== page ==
Queen Victoria

by Lytton Strachey. New York: Harcourt, Brace and Company, 1921. 8vo, xii + 434 pp. $5.00.
HERE is a delicious book. If it were only the triumph of cleverness which it is, its publication would be a notable event in contemporary letters. But it is much more than clever. It illustrates with peculiar brilliancy a method of biography. This is the method of saturating one’s self with ‘material’ and then proceeding to deal with it,not after the accepted fashion of letting the subject ‘tell his own story’ in the presentation of liberal extracts from letters and journals, but rather through carrying much further the selective process on which even this method is based, and then through liberating upon one’s pages only the most clearly distinctive and significant shafts of autobiographical light, blended — yes, and tinted — by the interpretations and settings which the biographer provides. This is far the more difficult method of biography, for it calls, in the first place, for a higher degree of saturation, and in the second, for the possession of a personality and powers justifying the largest conceivable injection of the author’s individuality into his work.
In his Eminent Victorians Mr. Strachey revealed dearly the qualities required for the successful practice of this method. Here he displays them on a scale that would have been unmanageable in his treatment of the four subjects to which his earlier book was devoted. This, indeed, is by no means an extensive biography, when the scope and importance of the matters with which it deals are considered. But the historical plays of Shakespeare and the historical novels of Scott are slender works as measured by the historian’s yardstick; yet they have made enormous contributions to a general apprehension — not quite to say knowledge — of history. A much closer analogy to Mr. Strachey’s new book may be found in Thackeray’s Four Georges, in which a Victorian was writing of an earlier Georgian period. Now a later Georgian — and Mr. Strachey is that to the finger-tips — writes of the Victorian age. The two chroniclers are by no means lacking in points of resemblance, both in temper and in technique. It is immensely to the neo-Georgian’s credit, that, with all the ironic wit which is perhaps his most salient characteristic, he does essential justice to Victoria and the age to which she gave a name now popularly touched with something more than a shadow of humorous reproach.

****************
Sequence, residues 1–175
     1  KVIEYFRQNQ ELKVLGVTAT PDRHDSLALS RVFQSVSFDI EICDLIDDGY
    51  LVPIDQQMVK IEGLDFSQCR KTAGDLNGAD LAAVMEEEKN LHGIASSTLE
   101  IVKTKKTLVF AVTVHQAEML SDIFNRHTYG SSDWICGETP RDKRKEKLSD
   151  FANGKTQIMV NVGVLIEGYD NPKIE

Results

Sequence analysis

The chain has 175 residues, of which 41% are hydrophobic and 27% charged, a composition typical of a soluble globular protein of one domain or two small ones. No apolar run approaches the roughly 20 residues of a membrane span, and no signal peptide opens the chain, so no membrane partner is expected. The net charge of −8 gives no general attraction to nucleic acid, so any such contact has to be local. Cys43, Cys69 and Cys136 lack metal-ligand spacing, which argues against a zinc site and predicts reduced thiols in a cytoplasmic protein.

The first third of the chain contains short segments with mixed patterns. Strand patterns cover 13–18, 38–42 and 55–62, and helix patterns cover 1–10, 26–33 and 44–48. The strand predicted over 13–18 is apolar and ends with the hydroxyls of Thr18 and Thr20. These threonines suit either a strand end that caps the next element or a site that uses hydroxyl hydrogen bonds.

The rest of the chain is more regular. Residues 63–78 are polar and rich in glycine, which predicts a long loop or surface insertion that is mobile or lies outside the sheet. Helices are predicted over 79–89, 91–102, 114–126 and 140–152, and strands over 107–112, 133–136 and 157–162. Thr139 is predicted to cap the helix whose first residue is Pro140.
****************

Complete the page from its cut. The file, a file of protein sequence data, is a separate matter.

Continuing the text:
It was the novelist in Thackeray that made The Four Georges just what it is; and it is very much as a novelist that Mr. Strachey deals with the characters in his book: Lord Melbourne, the ‘autumn rose,’ Lord Palmerston, Gladstone, Disraeli, and many another of the Victorian company. The Prince Consort and the Queen herself are of course the hero and heroine, and it is really as such that they emerge from the author’s fundamentally humorous, yet fundamentally sympathetic, analysis of their characters and lives. Victoria, the embodiment of everything Victorian, becomes far more than a target for a cynic wit. Albert, perhaps the clearest re-creation of the biographer, stands forth at last as ‘the real creature, so full of energy and stress and torment, so mysterious and so unhappy, and so fallible and so very human.’
Scores of quotations might be made to illustrate Mr. Strachey’s extraordinary gift of phrase. The ‘neatness’ with which he employs it, especially in the final touch upon one passage after another, is a constant delight. Take, for a single instance, the sentence with which a description of the Prince Consort’s statue in the Albert Memorial is brought to an end: ‘It was rightly supposed that the simple word “Albert,” cast on the base, would be a sufficient means of identification.’
The author is apparently conscious that the book is one of those which the Queen would have defined as ‘not discreet.’ With more discretion Mr. Strachey would have rendered the Queen, her husband, and her age a less notable service — to say nothing of the post-Victorian reader.